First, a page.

RRiBbit Remoting over RMI

This chapter will explain how to set up Remoting over Java RMI. RRiBbit will take complete care of setting up the infrastructure needed for RMI communication. This means that using RMI is the easiest way of using Listeners on other machines. Please note that using RMI Remoting will mean that your transactional context will be broken. This is generally not a problem, because most systems don't need transactions over the network. SOAP, for example, the most widely used communication technology, does not support transactions either.

Server side

Let's start with the the server side. You will need to create an instance of RmiRequestProcessorImpl. When you create an instance, it will automatically start to listen to requests in a separate thread. You may want to keep a reference to it, in order to shut it down when the application terminates, with the shutdown() method. Note that an RmiRequestProcessorImpl is not actually an implementation of RequestProcessor, because RequestProcessor is not a Remote interface. This is not a problem though, since an RmiRequestProcessorImpl receives its requests via RMI and not via a Java interface. An RmiRequestProcessorImpl needs the following arguments:

  • portnumber: The portnumber to listen on.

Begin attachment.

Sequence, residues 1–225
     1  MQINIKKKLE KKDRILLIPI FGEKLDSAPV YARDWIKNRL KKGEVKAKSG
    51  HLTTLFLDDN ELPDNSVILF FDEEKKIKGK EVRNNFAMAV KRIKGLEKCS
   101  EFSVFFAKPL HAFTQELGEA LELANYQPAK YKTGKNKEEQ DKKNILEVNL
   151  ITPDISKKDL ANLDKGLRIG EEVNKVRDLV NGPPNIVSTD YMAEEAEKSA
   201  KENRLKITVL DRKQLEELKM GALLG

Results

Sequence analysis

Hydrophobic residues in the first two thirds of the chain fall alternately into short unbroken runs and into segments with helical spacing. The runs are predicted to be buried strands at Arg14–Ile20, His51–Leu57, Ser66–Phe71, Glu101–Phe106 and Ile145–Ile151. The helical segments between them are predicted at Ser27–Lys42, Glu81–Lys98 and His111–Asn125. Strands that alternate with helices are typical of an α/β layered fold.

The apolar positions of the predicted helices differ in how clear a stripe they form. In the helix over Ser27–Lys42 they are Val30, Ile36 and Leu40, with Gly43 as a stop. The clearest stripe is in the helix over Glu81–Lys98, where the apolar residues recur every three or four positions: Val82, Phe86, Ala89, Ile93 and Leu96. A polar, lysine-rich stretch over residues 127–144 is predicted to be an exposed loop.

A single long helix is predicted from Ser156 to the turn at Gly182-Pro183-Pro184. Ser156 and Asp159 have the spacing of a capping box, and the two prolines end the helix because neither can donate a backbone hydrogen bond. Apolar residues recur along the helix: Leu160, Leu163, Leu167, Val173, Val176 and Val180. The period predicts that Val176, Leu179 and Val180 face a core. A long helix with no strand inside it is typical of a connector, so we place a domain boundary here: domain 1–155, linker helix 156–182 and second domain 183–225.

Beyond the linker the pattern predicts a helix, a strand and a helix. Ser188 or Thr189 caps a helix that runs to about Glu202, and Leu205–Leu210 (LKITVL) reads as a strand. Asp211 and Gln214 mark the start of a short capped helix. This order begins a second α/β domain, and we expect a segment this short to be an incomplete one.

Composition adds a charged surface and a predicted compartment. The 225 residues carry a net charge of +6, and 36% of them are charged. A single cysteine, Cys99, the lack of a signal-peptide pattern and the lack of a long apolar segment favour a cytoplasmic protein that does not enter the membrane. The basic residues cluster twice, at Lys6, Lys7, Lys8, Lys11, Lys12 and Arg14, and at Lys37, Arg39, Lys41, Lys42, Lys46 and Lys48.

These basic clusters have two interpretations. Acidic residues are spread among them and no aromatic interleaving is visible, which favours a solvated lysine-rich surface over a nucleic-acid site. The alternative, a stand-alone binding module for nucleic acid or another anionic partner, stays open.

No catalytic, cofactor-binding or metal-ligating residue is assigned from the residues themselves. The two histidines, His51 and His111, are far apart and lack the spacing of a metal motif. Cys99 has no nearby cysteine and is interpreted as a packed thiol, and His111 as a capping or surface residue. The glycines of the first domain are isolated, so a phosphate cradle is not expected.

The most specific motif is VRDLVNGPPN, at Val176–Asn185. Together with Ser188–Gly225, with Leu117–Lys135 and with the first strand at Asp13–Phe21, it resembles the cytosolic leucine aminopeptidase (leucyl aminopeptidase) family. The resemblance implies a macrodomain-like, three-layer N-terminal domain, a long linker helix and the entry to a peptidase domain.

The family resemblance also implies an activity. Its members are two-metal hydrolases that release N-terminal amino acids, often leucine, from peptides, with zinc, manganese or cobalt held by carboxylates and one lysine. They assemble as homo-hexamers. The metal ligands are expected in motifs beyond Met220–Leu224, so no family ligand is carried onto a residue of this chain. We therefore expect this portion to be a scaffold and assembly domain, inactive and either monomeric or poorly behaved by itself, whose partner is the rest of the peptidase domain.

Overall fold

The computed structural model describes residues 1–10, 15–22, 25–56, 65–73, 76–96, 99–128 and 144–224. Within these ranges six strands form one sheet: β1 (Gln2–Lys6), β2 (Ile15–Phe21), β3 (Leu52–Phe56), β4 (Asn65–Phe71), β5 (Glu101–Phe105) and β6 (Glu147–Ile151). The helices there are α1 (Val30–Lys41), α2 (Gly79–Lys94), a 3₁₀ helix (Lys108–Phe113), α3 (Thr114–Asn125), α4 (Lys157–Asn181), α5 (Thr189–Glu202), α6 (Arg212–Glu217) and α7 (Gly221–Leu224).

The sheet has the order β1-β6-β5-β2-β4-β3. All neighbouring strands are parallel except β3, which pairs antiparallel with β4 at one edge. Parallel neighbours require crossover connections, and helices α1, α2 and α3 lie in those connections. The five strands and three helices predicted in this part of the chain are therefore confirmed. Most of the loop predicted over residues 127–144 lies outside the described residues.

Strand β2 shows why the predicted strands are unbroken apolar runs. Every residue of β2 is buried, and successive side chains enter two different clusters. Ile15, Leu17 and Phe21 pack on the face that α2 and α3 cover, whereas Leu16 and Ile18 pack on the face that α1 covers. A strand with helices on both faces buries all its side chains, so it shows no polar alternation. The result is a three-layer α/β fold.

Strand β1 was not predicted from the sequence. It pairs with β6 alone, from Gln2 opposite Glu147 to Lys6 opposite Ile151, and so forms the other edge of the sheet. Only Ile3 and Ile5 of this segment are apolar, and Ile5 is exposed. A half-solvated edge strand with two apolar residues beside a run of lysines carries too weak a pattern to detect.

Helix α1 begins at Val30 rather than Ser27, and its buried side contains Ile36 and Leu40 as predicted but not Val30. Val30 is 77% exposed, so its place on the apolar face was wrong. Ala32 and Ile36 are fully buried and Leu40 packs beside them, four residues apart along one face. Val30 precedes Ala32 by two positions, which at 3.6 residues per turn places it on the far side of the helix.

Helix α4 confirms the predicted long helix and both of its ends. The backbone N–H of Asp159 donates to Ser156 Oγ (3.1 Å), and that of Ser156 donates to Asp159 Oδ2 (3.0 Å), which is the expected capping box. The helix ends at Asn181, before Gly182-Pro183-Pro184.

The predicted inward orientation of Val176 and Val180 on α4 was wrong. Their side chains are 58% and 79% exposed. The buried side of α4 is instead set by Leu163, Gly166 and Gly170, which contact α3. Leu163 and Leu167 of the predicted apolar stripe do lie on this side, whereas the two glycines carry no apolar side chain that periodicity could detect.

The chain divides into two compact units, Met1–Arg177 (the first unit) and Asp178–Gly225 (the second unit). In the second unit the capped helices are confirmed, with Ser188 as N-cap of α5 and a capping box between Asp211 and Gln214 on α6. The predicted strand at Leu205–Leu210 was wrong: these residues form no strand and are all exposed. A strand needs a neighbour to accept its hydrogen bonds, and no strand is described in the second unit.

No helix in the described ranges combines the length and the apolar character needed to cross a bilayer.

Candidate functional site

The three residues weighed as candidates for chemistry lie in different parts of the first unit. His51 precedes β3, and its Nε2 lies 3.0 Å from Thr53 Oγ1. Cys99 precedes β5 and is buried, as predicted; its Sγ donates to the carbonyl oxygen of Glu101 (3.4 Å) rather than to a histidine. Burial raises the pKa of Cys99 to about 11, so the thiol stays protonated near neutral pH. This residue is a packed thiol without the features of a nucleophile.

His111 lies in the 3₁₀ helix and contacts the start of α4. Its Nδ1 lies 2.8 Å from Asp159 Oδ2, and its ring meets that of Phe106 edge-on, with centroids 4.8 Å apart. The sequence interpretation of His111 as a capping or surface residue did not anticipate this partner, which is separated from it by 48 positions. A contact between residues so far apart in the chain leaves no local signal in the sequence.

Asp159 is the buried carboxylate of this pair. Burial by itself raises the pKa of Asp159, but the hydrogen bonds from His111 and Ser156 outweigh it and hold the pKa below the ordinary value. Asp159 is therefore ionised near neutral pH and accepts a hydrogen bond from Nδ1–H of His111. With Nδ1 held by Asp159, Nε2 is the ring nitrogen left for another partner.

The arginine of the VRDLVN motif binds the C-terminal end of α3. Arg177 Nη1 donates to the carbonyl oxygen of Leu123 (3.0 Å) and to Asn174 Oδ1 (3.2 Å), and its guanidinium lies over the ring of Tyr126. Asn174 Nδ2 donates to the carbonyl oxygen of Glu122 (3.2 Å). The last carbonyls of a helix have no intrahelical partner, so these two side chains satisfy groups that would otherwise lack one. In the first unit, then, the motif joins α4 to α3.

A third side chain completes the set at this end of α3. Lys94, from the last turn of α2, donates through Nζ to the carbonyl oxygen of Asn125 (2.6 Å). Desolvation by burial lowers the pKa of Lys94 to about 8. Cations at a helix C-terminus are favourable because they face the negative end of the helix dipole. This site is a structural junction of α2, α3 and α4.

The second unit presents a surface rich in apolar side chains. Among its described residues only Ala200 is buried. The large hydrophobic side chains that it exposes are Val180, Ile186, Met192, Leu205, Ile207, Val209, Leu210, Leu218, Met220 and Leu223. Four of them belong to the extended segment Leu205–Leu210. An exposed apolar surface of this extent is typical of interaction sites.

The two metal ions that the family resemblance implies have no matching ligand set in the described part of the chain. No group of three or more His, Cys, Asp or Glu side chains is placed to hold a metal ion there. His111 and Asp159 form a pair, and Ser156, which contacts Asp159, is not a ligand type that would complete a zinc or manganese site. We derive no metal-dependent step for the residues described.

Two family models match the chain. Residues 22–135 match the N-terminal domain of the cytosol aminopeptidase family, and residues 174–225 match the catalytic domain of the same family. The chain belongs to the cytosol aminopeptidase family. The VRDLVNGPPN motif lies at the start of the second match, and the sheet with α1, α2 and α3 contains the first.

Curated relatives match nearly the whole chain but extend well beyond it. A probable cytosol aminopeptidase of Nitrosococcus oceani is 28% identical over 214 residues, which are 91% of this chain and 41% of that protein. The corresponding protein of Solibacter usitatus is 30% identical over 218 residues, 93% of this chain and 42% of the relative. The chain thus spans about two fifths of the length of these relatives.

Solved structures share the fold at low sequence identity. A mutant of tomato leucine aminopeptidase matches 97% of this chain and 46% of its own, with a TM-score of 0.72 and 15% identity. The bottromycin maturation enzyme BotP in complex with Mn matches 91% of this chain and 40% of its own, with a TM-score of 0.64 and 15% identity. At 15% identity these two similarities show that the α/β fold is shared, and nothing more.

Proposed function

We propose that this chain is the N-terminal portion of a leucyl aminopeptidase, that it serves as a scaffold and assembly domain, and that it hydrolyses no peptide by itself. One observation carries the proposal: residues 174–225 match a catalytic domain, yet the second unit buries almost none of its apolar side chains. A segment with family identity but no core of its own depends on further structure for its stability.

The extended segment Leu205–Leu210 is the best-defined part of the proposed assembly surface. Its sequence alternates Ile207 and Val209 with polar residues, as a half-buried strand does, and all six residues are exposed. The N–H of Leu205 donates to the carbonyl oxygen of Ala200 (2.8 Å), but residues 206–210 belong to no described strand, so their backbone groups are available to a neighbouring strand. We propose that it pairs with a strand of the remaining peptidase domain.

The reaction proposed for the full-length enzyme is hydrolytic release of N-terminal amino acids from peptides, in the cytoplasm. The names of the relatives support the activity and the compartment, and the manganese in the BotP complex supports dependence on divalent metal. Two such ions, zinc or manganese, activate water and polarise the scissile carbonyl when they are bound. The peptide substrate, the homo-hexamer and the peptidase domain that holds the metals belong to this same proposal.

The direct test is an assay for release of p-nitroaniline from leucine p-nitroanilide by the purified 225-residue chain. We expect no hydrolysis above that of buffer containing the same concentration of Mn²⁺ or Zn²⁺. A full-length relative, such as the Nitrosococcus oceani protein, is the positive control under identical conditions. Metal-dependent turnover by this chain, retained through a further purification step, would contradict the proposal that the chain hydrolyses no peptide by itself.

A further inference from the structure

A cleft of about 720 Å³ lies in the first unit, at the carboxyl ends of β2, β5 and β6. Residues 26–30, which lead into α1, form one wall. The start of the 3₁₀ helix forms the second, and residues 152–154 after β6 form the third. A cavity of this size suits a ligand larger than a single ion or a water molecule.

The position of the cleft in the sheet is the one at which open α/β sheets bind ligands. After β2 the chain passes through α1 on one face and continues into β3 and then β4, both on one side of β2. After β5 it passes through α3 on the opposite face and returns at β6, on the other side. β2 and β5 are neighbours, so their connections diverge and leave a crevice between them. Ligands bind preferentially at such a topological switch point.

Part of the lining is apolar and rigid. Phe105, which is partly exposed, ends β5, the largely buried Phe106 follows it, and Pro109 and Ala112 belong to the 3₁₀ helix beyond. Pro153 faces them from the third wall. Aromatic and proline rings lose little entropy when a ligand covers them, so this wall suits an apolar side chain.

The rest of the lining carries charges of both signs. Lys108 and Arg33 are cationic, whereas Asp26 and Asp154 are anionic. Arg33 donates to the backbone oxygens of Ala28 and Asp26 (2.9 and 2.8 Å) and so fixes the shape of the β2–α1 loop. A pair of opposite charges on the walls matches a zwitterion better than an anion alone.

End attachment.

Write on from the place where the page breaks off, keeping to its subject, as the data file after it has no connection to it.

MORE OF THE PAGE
• listenerObjectRetriever: The ListenerObjectRetriever that is used by this RmiRequestProcessorImpl.

  • listenerObjectExecutor: The ListenerObjectExecutor that is used by this RmiRequestProcessorImpl.

If you want to use SSL, then the RmiRequestProcessorImpl also provides constructors for that. You will have to pass a keystore, its password and a truststore. See this page for a comprehensive guide on SSL in Java. You will need the section titled "Creating a Keystore to Use with JSSE" to create the files that RRiBbit needs. Note that you don't actually have to set up anything yourself. Just pass the files and the password and RRiBbit will take care of everything!

Client side

Okay, so the server side is set up, now it's time to wire up the client side! You will need an RmiRequestDispatcher. This is actually an implementation of RequestDispatcher, so you can pass it directly to the RequestResponseBus. The RmiRequestDispatcher needs the following arguments:

  • portnumber: The portnumber to send requests to.

  • hosts: A list of hostnames (ip-addresses or DNS-resolvable hostnames) to send the requests to.

If you want to use SSL, then you have to give the RmiRequestDispatcher the location of the truststore and it will all work automatically!

Note that the RmiRequestDispatcher takes a list of hosts instead of a single one. You can therefore actually pass multiple hosts and RRiBbit will pick one at random each time a request is made. Load-balancing for free! Also, when a certain host does not respond, another one is chosen, so that will give you automatic failover! The number of times that RRiBbit has to retry before giving up can be set with the appropriate setter of RmiRequestDispatcher. If the number of hosts is smaller than the number of retries, RRiBbit will just try some hosts again.

And that's it as far as RMI Remoting is concerned! For other RRiBbit Remoting implementations, please see this page. And before you actually start using RRiBbit, make sure that you check the FAQ!